“subordinated” and “added” prepositions.
  • Finally, the possibility to condition the translation of any Word (from among all possible translations) to the context in which it appears, with the option of delimiting that context almost exhaustively.

How did the contact with Fernando Moreno-Torres y MTC Soft come about? Coincidence, friendship, or a systematic search?

The origins of our cooperation are in mutual confidence, both personal and professional.

What are the usual complaints that professional translators have against machine translators?

The use of automatic translators began around 10 years ago. For a professional translator the principal problem with today’s machine translators is that sometimes it takes more work to “fix” the phrase that the machine proposes than to do the translation yourself.
Today’s machine translators, conceived, I think, from lower levels of complexity than those of the process of translating (perhpas because the lacked translating experience from the beginning)  cannot resolve all of the problems presented in real translation experiences. When I started working on this new translator I started out from the point of view that a program which offers functional and syntactic analysis is  contributing something valuable to the human translator. If it also obtains the appropriate terminology, a correct linking of the different parts of the sentence, correct prepositions and correct idioms, the material which the automatic translator offers to the human professional translator will contribute to an important saving in time and resources.

How has your collaboration with MTC Soft gone? Was it easy for them to translate your natural-language linguistic analysis into a computer program?

No, it hasn’t been easy, but MTC Soft has put two magnificent analysts with many years of experience on the project, and they have been able to translate the linguistic logic which underlies the program into computer language. They have quickly captured the problems and contradictions which have arisen and contributed elegant computer solutions.

How does one feel seeing the VICTOR project all the way through to the beta version?

Sometimes I feel impatient, because there’s still work to do on the next version which will incorporate statistical analysis. But, seeing the really brilliant results achieved up till now, I feel a tremendous satisfaction.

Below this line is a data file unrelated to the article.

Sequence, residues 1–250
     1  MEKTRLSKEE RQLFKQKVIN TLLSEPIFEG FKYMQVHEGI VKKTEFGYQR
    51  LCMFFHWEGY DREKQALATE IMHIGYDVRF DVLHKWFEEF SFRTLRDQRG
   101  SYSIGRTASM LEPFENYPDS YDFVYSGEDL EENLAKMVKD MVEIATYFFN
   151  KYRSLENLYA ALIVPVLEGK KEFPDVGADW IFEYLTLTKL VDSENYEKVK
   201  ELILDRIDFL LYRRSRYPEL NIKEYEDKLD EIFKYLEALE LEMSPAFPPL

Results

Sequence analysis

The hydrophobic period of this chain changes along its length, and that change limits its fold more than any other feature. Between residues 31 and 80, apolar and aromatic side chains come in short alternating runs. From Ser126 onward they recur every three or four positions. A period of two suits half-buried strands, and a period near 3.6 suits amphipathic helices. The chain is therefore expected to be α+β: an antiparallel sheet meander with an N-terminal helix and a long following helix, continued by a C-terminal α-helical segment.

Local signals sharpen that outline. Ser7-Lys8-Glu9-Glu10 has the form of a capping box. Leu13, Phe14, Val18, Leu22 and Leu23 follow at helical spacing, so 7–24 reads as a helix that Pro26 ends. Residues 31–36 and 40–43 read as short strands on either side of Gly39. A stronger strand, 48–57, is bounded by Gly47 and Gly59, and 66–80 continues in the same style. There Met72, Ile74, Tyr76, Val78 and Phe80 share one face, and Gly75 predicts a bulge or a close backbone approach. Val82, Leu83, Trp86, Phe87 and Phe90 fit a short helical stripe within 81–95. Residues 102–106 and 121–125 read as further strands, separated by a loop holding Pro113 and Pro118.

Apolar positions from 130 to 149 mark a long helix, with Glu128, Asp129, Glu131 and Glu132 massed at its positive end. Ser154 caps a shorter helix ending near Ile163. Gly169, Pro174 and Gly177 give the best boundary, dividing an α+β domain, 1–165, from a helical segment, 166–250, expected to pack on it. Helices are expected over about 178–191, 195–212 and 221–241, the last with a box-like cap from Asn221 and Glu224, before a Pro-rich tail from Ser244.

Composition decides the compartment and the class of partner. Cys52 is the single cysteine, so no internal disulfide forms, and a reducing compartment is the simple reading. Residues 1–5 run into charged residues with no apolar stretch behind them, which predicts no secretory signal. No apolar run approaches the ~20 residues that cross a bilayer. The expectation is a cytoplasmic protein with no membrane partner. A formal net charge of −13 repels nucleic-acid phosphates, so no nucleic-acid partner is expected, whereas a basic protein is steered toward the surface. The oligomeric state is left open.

Do you hope to see your translator colleagues using VICTOR in their daily work?

Yes, I hope so.

VICTOR Translator is a computerized system for the automatic translation of English into Spanish, developed by MTC Soft, a small software firm in Granada, Spain.

Q: What was your role in the development of VICTOR?
A:  Project manager, as well as analyst and programmer.

How many people worked on the project?
The linguistic analysis is the work of the promotor of the idea, a profesional translator from the European Commission with more that 20 years of experience.

In the development of the program, besides the project director there were two analyst-programmers working during the whole process both on the program and the dictionaries, along with the translator herself. Then there were 30 students and six professors from the Faculty of Translation and Interpretation from the University of Granada who created the first versions of the dictionaries, plus six students in practice to complete and aliment the dictionaries.

How long did it take you to reach the beta stage?
The linguistic analysis goes back 10 years. The first design of the application took about   a year.

The creation of the dictionaries (both the program and the content) another year. It was another year’s work after the dictionaries before we launched the beta program. We’re still working on both of those aspects. To sum up, the overall project took 10 years, the last three and a half of which were dedicated to the development of the application.

Could you explain to us a little bit about the process of creation of this machine translator?  What were the most difficult problems to overcome? What were the most unpleasant surprises you came up against in the process?